Bookclub Plus: Nannette, Nine Perfect Strangers, and Isn't It Romantic
By Lior Misrachi
Some months ago my husband and I sat down to watch ‘Nanette’, the Netflix comedy special by Hannah Gadsby. So much has already been written about ‘Nanette’ and the purpose of this article was not originally to comment on that show. In fact, this article was supposed to be two separate articles – each reviewing a different work – a film and a book. But as I watched the recently released Netflix movie, ‘Isn’t it Romantic’, and read the book, ‘Nine Perfect Strangers’ by Liane Moriarty, I couldn’t help but compare both of these texts to ‘Nanette’. I was surprised to find that ‘Nanette’ has become my barometer for feminist cultural works and that ‘Isn’t it Romantic’ and ‘Nine Perfect Strangers’ fell desperately flat in comparison.
The movie ‘Isn’t it Romantic’, directed by Todd Strauss-Schulson, stars Rebel Wilson and Liam Hemsworth. It’s being touted as the romantic comedy for the post #metoo era. The basic premise of the movie is that an ordinary woman who doesn’t believe in happily ever afters gets hit on the head and finds herself trapped in a romantic comedy.
As someone who grew up during the heyday of the RomCom, the movie, a straight to Netflix number, was fun to watch- it felt like snuggling up in a warm blanket. There are some genuinely laugh out loud moments in the movie. For example, when Wilson’s character realises that she’s trapped in a RomCom and tries to ravish her leading man. Or, whenever she wants to swear, she’s always bleeped over. Or when her best friend and assistant in real life in pinned against her professionally because women can’t get on in the workplace – obviously.
But my problem with ‘Isn’t it Romantic’ is that it almost says something important, but doesn’t in the end. It stars a normal sized woman, which is fantastic. However, the character is so hung up on her appearance, referring to “people like her” being invisible, that it just perpetuated the stereotype that bigger women don’t get fairytale endings. I think they could have made a more nuanced point if they had just starred Wilson without casting her as fat.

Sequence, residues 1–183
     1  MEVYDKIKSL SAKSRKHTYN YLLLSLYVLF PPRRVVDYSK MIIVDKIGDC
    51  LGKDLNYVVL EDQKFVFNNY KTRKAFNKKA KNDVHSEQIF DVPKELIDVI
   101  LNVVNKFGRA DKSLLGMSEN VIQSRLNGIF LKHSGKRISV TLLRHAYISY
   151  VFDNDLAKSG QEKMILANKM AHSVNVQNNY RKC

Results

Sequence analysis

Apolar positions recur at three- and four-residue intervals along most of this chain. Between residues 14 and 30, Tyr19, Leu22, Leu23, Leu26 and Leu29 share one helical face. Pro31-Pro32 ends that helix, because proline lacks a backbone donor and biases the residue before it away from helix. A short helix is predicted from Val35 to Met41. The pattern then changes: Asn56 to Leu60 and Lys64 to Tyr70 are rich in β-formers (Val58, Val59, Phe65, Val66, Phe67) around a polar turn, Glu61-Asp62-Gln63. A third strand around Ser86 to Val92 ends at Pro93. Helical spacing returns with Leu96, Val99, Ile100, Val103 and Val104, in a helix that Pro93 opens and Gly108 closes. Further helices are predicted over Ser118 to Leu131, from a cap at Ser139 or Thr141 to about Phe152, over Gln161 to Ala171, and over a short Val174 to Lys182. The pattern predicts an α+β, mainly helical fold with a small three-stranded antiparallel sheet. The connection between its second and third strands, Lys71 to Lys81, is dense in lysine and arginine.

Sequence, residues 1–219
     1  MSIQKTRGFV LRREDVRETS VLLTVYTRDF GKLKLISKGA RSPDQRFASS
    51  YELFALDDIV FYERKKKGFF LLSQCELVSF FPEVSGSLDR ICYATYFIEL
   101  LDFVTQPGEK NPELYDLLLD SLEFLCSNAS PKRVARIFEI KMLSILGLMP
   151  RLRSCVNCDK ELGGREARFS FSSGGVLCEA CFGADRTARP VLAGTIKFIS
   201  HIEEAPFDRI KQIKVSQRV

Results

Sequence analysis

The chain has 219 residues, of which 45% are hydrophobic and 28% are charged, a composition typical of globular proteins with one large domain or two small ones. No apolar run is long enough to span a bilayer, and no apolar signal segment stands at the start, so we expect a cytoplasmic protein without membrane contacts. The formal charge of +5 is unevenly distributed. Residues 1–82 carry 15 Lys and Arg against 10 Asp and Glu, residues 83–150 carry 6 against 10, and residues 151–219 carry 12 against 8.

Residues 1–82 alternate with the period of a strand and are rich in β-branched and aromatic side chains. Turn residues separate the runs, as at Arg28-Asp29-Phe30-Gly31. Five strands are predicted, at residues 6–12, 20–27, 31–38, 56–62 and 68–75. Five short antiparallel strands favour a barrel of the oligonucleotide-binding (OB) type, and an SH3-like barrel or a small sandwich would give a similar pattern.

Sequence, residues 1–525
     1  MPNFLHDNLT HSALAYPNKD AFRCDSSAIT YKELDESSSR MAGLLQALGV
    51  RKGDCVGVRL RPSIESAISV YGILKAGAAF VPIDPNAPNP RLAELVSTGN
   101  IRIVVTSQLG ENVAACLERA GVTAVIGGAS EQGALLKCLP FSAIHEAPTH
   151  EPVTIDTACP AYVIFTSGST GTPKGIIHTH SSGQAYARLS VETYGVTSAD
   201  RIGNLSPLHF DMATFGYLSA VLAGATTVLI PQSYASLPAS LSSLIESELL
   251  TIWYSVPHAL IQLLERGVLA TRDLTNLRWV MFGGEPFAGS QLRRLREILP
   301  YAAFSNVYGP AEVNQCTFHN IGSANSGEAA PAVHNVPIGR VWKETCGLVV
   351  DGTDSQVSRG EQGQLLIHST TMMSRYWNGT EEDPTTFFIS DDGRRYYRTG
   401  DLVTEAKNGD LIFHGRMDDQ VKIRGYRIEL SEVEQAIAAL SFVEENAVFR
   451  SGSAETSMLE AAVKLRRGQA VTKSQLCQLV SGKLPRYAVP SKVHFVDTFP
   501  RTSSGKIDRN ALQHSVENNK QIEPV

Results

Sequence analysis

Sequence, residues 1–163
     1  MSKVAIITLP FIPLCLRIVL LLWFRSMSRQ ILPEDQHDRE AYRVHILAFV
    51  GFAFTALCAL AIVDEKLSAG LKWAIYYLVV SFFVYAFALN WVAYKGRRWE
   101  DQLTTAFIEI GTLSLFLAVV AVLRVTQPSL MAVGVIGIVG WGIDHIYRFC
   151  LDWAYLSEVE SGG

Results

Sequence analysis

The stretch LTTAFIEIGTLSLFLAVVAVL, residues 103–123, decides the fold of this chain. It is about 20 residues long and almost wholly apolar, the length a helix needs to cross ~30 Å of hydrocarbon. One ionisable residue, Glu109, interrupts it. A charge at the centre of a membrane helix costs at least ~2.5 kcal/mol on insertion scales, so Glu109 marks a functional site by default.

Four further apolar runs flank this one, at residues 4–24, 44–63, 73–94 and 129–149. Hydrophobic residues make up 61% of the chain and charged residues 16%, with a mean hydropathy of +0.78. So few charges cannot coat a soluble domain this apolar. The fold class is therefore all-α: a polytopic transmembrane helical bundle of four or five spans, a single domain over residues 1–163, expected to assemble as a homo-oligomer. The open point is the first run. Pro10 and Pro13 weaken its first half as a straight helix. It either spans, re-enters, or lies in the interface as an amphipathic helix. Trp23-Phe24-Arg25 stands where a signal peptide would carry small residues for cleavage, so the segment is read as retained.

Also, for all the talking about choosing themselves or how women don’t need to end up with men, the ending is as contrived and obvious as any RomCom ever made. Spoiler – she ends up with a guy. It would have been far more refreshing to have seen Wilson’s character come out of her RomCom nightmare content to be herself and to be alone. But in tying up the movie in a neat little bow, it again came so close to being refreshing just to fall flat instead.
Similarly, I felt the Moriarty's novel ‘Nine Perfect Strangers’ was a largely enjoyable read. I read it over 48 hours while I was home sick and it too had the warm blanket feel of familiarity and a trite, predictable storyline. The novel is set in a wellness retreat where nine perfect strangers have a life-changing experience.
Again, the novel comes oh so close to saying something important. It almost goes to the heart of the so-called wellness industry, an industry that is predicated on women’s insecurities. As the word dieting became passé, wellness took its place. When women talk about wanting to achieve wellness, it is often a thinly veiled attempt to conceal their new fad diet. Because 'wellness' is socially acceptable, but dieting is not.
So it was pretty disappointing to read about one of the characters, Frances, who is – spoiler- drugged, locked up against her will and starved for 48 hours, tries to keep a positive spin on the situation by saying, well, at least she’s losing weight. And when Frances is stuck on that said drug-induced trip, she imagines herself going shopping for a new body but comes to realise that her old one was very comfortable.
And while l admit there are some genuinely funny bits in the book- one particular scene in the swimming pool is beyond hilarious, I still couldn’t get past the book’s prosaic plot. A woman of Moriarty’s success could use her fame to say something important about the insidious and often dangerous industry that is the wellness industry. How it still uses women’s insecurities, body shaming them into losing weight. How it equates healthy with skinny. But the storyline was just so ridiculous that it didn’t.
And that brings me back to ‘Nanette’. ‘Nanette’ is fury. Love it or loathe it – it is so important. And Gadsby uses her anger to say something we all need to hear. And while ‘Nine Perfect Strangers’ and ‘Isn’t it Romantic’ are fun, they’re tacky, and have nothing to add to the critical conversations we should be having.